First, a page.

O momento da decisão fiscal da Irlanda

DUBLIN - “A construção da Europa é uma arte”, disse uma vez o ex-presidente francês Jacques Chirac. “É a arte do possível”. Se a construção da Europa tem sido a arte do possível, então, a sua desconstrução - ou, pior, o seu colapso - seria um negócio assustador e doloroso.

Essa foi a situação que os líderes europeus enfrentaram no Outono passado. O euro estava com graves dificuldades, fustigado pelos rumores de iminentes colapsos bancários. A rendibilidade das obrigações do Estado, no sul da Europa, estava a subir e uma penetrante sensação de apreensão e de medo camuflava os governos nas capitais europeias. Mas a liderança política estava visivelmente ausente.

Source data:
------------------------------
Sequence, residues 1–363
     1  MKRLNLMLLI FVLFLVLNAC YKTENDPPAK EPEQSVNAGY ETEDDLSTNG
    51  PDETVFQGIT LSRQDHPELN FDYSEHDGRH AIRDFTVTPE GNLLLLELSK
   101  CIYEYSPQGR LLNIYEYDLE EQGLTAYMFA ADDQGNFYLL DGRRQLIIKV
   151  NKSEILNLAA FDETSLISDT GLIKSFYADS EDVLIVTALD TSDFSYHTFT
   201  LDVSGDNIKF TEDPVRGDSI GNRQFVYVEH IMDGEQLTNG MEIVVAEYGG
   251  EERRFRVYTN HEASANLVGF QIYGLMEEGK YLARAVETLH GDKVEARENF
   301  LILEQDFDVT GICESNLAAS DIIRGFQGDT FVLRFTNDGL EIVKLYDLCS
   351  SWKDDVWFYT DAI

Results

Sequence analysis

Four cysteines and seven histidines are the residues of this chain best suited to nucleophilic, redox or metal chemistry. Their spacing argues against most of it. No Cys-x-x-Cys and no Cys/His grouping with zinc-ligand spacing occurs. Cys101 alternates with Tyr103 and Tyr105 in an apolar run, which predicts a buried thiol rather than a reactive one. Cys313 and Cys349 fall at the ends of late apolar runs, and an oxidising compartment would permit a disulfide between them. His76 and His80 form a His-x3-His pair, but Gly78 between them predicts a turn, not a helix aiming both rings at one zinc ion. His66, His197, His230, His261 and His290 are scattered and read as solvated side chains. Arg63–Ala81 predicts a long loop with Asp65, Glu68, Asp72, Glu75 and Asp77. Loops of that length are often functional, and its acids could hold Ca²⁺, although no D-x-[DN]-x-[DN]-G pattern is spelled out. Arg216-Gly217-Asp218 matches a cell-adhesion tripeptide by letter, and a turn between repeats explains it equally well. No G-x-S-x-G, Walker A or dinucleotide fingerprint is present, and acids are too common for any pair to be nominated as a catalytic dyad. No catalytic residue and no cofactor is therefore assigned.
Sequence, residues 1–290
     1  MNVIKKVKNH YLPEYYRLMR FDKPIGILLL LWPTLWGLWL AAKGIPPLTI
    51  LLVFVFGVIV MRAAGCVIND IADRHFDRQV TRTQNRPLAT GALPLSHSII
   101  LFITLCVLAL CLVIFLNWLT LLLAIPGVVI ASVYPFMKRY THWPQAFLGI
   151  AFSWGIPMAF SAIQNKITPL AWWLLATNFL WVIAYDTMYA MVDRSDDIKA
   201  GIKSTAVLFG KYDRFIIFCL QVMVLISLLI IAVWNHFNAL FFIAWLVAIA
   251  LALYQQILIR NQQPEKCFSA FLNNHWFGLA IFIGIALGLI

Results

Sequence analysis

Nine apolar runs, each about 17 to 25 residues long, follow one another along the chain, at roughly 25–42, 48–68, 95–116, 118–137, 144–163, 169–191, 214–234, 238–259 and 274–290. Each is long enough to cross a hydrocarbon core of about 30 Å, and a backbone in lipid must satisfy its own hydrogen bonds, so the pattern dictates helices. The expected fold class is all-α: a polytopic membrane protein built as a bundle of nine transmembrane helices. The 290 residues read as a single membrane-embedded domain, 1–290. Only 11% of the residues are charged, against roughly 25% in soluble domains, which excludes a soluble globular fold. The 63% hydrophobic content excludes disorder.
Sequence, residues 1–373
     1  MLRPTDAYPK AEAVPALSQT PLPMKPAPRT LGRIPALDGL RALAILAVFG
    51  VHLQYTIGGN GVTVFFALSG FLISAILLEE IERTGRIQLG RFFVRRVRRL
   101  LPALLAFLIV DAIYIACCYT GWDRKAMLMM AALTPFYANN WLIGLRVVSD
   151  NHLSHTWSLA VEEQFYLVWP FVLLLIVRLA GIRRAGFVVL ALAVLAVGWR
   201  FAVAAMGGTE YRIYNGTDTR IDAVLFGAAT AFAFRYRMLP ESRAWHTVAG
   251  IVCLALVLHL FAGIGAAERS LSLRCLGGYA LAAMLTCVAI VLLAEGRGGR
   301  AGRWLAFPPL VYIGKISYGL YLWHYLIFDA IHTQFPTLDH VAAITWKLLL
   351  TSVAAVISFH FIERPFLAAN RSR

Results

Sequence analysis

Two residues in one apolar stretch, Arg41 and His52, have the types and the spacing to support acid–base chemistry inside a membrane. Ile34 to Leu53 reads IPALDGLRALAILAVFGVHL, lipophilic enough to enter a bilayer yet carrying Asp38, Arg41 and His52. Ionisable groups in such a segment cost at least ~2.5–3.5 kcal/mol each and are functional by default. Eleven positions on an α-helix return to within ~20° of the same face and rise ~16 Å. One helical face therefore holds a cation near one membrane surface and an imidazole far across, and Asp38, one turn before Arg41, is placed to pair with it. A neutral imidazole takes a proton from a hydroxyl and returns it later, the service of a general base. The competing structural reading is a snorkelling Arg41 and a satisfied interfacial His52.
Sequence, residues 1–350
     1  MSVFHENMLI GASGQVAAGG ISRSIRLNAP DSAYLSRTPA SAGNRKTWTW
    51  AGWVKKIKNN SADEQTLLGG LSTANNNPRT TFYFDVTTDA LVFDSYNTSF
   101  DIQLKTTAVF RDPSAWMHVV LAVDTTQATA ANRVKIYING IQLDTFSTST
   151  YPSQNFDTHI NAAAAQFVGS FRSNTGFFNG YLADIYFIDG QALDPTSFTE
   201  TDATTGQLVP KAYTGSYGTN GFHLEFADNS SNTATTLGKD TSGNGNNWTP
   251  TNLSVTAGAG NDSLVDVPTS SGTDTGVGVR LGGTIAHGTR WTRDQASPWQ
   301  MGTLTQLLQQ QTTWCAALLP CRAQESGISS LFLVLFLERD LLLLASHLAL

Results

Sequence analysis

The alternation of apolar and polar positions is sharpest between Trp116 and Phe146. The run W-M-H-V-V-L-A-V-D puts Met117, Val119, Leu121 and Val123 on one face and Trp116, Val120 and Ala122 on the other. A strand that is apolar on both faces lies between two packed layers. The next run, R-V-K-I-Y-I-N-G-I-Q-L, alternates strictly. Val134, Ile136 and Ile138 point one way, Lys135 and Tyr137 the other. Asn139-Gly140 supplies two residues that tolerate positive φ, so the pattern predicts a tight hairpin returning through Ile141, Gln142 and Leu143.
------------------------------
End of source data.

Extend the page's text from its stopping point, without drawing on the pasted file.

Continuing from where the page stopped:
Finalmente, em Dezembro, uma medida decisiva foi tomada. Haveria um “tratado fiscal”, que reforçaria o Pacto de Estabilidade e Crescimento e, sobretudo, implicaria sanções automáticas para garantir que os membros da zona euro cumpririam essas regras. Ao mesmo tempo, o Banco Central Europeu lançou a sua operação de refinanciamento de longo prazo de um trilião de euros (1,3 trilião de dólares), a qual afastou o sistema bancário europeu da beira do abismo.

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